1.Joan M. Schwartz and Terry Cook: Archives, Records, PowerArchival Science 2: 1–19, © 2002 Kluwer Academic Publishers
3.Marlene Manoff: Theories of the Archive from Across the Disciplines, 2004 portal: Libraries and the Academy 4(1): 9-25
5.John Malcolm Russell,Why Should We Care? Art Journal, Vol. 62, No. 4 (Winter, 2003), pp. 22-29.

Issues of Responsibility and Opportunity in Digital Archiving

By rbron246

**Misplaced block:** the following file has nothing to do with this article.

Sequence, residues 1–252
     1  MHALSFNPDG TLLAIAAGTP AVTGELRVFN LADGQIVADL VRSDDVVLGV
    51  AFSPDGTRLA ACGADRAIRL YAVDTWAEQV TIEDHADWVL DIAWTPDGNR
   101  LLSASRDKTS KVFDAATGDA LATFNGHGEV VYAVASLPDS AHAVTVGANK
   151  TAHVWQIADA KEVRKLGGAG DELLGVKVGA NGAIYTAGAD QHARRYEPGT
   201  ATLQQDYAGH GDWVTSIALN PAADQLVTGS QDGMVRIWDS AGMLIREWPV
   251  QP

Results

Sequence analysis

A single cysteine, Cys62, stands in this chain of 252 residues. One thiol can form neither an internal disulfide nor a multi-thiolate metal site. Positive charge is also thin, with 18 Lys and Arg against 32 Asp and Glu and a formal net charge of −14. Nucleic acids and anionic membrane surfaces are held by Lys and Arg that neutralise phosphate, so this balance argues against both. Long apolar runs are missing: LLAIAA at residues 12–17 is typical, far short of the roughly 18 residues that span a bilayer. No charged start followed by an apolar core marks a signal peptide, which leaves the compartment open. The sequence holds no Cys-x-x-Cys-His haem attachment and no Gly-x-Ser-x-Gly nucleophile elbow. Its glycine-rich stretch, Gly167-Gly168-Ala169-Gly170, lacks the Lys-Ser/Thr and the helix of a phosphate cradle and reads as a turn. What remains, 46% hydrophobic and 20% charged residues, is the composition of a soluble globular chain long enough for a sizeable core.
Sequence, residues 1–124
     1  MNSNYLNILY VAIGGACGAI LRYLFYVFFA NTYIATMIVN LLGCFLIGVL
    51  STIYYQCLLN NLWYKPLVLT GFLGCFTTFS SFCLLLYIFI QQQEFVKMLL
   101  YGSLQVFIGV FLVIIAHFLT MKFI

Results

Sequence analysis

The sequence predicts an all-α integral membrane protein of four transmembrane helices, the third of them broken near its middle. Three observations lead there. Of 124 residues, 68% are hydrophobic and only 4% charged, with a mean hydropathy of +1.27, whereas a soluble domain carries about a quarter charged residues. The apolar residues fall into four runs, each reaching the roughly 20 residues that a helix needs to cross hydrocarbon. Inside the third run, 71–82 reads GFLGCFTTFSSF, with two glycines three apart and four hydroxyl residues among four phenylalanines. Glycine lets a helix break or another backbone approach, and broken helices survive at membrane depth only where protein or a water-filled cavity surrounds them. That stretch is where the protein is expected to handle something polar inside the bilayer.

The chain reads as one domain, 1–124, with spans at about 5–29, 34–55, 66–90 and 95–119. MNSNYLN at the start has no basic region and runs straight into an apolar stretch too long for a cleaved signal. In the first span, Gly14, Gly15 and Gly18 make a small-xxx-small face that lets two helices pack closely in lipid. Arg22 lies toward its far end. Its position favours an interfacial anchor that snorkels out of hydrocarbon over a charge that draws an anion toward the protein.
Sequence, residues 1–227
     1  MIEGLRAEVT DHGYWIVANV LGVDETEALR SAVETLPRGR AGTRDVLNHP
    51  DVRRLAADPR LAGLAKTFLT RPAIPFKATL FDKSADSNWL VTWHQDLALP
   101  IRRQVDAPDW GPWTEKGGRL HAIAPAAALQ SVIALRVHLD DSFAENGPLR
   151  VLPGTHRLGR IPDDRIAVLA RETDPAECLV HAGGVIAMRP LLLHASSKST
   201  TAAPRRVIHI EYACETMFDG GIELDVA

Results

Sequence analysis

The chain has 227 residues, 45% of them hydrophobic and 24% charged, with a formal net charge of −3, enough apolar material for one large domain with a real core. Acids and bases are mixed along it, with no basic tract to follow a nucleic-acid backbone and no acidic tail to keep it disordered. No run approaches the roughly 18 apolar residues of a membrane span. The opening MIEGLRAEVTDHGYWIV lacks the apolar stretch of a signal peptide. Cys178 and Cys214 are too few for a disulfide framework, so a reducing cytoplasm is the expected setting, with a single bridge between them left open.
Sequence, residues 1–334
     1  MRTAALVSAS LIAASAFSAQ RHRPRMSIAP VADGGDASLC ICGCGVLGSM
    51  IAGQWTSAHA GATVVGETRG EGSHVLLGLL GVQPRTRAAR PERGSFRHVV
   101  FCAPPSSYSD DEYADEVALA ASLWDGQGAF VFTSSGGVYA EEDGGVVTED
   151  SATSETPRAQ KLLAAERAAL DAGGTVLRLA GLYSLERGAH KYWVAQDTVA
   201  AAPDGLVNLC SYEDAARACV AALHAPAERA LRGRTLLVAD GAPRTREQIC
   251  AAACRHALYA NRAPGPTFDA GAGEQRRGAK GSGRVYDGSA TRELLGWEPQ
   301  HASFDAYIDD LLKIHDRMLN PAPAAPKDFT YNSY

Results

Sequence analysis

Thinking a great deal lately about the concept of the archive and specifically digital archiving, I recently spent a morning in the Condé Nast Research Library and was interested to see how/where these issues might be at play. In conversation, the senior librarian informed me that the library operates separately from the archive and described the difference as such: the archive serves as the center for preservation while the library provides access to information. While this sounds like a simple and practical divide, the idea was further complicated when I asked about articles published only online. Who handles the preservation of these articles that must make up a huge contribution to the collection of these media brands? She smiled somewhat ruefully and said she wasn’t sure. Not only did the library have no involvement with this process but the librarian actually said she was too apprehensive to even ask questions. With only three librarians, and one other part-time staff member, she said they didn’t have the resources to tackle that issue if it was raised. I was interested in this division between the archive and library and asked some further questions about photo requests, receiving yet another vague response. The librarian informed me that they had “some photo records” and could respond to “some” requests leading me to believe that the divide between the two departments isn’t quite as strict as was originally portrayed. The interaction got me thinking about issues of responsibility in terms of digital archiving.